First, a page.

## This Halloween, let’s get counting!

Halloween and math activities are a natural combination. Think of all the counting, sorting and classifying opportunities there are when your child brings home his haul of trick-or-treat candy! Halloween is a holiday that all children love and I am sure they will also love working with these colorful and fun Halloween math worksheets.

There are several counting worksheets in this group. Help reinforce your child’s skill with one-to-one correspondence by reminding him to touch each picture one time as he counts aloud. On the first counting sheet, where pictures are provided in boxes, encourage your child to move his finger from left to right as he counts, since this is the direction his eyes must travel when he’s learning to read. Also, ask your child to identify the numbers on the page before he begins counting.

The graphing pages are perfect practice for the candy sorting that is sure to follow trick-or-treating on Halloween. (I remember my children sorting their candy immediately into piles according to their favorites and the pile of “least favorite candy” was used for trading with siblings, of course!) I suggest beginning with the pictograph page, which allows children to hold each cut picture and place it in the correct column. The bar graph page asks children to mark each picture with an X and then mark another X in the appropriate column. Halloween is the perfect holiday for conducting a personal poll, using the blank bar graph sheets. Perhaps your child is curious about people’s favorite Halloween candy or Halloween costume. Another fun polling question might be: “Would you prefer to trick-or-treat or stay home and pass out the candy?”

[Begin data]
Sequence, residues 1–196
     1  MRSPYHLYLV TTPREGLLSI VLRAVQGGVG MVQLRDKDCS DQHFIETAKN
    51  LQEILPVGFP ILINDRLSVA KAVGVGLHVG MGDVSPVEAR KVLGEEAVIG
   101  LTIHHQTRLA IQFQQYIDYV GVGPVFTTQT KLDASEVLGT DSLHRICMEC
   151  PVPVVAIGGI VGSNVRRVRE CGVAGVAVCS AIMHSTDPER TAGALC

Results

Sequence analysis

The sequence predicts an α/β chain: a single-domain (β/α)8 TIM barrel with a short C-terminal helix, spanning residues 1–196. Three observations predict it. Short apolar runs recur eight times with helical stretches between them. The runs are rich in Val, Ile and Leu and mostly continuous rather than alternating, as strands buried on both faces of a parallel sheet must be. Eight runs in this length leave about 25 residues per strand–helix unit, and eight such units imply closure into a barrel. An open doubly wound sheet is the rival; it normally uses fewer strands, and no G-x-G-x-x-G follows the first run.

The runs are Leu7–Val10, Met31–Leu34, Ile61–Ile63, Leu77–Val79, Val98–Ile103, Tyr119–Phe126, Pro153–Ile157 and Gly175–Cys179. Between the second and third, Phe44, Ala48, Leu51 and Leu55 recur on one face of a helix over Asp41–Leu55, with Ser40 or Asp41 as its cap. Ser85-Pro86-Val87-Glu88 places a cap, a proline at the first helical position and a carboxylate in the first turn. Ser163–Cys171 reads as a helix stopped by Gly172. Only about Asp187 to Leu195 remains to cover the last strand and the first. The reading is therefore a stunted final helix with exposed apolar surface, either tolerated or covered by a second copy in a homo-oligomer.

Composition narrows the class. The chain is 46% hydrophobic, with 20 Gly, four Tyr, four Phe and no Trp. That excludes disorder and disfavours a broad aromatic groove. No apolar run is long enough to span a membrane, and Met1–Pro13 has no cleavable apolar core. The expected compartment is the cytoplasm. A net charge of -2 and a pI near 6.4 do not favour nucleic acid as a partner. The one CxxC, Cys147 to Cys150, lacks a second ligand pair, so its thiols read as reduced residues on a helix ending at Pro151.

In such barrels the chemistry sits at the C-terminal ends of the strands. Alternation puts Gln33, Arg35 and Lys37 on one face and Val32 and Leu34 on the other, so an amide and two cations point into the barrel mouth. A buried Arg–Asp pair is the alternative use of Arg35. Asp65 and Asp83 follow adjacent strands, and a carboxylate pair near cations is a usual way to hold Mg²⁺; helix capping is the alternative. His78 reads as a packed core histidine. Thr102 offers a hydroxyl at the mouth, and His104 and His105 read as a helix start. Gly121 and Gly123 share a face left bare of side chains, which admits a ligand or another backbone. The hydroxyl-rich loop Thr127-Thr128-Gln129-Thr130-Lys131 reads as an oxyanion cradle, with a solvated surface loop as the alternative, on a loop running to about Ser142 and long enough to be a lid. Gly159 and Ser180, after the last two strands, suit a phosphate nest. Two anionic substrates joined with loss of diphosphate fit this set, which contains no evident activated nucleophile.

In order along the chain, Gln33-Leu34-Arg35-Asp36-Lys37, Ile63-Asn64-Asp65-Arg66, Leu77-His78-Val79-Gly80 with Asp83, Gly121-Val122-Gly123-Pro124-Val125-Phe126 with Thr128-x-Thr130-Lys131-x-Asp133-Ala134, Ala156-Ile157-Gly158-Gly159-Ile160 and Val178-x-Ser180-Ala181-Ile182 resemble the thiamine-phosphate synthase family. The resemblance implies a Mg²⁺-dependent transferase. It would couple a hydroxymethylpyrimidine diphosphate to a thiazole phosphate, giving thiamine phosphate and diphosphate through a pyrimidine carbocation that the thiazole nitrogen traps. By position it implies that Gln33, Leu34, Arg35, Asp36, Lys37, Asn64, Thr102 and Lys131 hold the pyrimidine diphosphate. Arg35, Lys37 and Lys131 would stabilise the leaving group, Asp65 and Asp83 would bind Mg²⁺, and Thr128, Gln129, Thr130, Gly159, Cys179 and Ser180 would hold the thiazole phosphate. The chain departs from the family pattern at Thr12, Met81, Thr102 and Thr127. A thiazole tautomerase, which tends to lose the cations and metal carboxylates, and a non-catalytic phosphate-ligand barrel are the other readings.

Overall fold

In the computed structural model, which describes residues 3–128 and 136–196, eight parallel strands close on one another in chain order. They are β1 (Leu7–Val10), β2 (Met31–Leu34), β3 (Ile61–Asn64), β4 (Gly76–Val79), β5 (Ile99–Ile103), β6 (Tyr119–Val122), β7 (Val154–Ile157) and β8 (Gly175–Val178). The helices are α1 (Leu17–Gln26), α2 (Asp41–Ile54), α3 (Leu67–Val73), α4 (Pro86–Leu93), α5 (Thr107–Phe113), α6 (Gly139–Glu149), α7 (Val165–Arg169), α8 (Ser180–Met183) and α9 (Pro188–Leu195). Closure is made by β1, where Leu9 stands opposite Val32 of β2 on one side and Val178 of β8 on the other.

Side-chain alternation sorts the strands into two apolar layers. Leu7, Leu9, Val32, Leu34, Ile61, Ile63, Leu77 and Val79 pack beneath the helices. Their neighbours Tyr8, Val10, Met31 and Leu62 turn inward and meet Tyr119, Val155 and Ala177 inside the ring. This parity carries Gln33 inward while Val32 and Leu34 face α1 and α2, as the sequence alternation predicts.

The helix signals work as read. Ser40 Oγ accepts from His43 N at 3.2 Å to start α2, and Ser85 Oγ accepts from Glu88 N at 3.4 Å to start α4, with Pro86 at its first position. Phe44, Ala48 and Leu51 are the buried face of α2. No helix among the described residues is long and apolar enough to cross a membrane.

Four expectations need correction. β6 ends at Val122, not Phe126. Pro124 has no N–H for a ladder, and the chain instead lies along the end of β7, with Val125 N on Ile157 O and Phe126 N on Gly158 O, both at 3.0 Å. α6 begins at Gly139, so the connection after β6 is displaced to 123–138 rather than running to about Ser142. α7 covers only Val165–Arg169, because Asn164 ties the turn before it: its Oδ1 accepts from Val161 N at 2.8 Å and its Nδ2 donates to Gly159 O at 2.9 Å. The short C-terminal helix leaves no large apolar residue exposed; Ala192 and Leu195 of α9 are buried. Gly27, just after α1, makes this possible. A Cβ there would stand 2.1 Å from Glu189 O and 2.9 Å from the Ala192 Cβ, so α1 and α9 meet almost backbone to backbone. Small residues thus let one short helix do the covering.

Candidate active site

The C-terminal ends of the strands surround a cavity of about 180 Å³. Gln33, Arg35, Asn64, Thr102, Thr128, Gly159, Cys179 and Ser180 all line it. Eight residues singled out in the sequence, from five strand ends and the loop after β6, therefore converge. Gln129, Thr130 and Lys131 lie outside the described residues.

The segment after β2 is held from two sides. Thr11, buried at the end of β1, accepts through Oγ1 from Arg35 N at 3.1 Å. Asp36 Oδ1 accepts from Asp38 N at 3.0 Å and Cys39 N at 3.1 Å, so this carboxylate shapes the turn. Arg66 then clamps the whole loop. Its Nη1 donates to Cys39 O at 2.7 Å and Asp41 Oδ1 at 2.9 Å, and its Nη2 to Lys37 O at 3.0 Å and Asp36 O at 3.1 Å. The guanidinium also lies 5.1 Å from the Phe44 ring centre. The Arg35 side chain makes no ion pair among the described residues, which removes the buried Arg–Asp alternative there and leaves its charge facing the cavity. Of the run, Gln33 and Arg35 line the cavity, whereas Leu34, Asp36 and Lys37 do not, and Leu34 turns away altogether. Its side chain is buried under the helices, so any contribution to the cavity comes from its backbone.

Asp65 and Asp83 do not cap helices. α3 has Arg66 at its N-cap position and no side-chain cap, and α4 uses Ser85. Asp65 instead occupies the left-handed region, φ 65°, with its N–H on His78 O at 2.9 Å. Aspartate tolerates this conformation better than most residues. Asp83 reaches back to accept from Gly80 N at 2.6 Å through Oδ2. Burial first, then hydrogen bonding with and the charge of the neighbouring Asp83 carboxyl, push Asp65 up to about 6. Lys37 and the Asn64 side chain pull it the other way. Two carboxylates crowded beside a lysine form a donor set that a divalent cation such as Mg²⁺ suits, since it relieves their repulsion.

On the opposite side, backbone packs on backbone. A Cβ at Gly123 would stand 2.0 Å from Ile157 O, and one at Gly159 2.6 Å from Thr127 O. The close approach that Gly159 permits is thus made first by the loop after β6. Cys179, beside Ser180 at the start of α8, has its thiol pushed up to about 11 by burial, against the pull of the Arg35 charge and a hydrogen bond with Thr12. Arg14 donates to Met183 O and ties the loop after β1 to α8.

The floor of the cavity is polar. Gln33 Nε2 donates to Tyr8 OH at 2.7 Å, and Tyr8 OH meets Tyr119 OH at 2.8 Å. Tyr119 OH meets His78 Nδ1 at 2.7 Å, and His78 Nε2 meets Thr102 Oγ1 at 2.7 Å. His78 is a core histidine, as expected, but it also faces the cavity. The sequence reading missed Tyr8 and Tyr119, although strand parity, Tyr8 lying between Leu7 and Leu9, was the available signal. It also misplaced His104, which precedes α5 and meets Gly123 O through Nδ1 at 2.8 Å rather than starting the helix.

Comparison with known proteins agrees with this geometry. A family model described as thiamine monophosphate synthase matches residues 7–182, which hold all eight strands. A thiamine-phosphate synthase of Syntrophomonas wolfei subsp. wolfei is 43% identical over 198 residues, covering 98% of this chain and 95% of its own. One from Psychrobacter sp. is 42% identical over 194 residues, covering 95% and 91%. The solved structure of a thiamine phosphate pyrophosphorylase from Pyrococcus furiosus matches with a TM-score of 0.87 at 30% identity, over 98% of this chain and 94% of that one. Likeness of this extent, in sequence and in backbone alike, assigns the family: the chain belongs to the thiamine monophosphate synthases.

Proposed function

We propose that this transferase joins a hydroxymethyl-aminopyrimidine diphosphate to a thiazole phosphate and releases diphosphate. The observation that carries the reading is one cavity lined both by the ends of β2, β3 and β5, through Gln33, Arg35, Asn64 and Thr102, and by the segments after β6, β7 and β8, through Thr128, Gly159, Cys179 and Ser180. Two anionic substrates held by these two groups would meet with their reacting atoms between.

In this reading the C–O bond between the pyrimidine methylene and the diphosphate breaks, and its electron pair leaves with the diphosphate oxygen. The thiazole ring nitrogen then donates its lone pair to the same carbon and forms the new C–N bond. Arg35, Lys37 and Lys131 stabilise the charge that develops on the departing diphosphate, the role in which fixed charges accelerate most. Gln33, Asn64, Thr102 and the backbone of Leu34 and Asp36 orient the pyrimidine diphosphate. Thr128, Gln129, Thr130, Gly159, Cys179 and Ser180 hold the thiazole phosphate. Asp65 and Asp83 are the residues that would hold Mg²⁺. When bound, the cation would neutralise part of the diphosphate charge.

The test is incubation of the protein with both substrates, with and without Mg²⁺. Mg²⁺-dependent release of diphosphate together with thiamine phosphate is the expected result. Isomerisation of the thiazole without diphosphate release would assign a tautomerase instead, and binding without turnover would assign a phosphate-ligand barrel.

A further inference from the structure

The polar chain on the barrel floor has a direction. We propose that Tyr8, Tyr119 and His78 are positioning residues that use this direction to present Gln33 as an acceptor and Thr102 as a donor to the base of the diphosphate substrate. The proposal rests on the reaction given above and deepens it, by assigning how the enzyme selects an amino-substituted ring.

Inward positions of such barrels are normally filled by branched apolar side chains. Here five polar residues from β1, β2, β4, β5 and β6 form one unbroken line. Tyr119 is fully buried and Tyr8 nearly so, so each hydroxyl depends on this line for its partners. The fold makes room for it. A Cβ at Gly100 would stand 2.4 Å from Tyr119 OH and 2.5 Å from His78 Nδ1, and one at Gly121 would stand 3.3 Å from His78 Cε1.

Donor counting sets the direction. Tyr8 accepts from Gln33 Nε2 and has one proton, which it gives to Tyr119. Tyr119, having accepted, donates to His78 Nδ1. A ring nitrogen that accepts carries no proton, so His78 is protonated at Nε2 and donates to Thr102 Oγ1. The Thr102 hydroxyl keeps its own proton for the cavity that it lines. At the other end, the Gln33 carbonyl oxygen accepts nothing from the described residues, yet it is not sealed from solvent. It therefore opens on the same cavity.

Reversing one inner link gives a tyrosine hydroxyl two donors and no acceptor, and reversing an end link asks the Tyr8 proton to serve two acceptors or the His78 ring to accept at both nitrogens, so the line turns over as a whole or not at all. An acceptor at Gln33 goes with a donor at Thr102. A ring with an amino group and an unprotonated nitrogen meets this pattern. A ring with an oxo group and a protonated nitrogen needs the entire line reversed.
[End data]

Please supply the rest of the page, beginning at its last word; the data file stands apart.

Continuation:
The patterns page challenges children to identify and then complete three different patterns. Sometimes it is easier for children to see the pattern if it is isolated on the page, so feel free to fold the paper to reveal just one row at a time. Cut the pictures as the bottom of the page, but set them aside. Allow your child to identify the missing picture first and then find that cut square to complete the pattern. Often, seeing all of the choices can be a bit confusing.

The ordinals worksheet offers practice with counting using ordinal words (first, second, third, etc.) and also provides auditory processing practice. When your child counts aloud, remind him to start with the picture on the left side of the page and move to the right.  Lastly, the addition sheets provide opportunities to practice counting and number writing as well as addition skills. Again, folding the page to reveal one line at a time is often helpful for young children.

Have a fun, exciting and safe Halloween with your little one!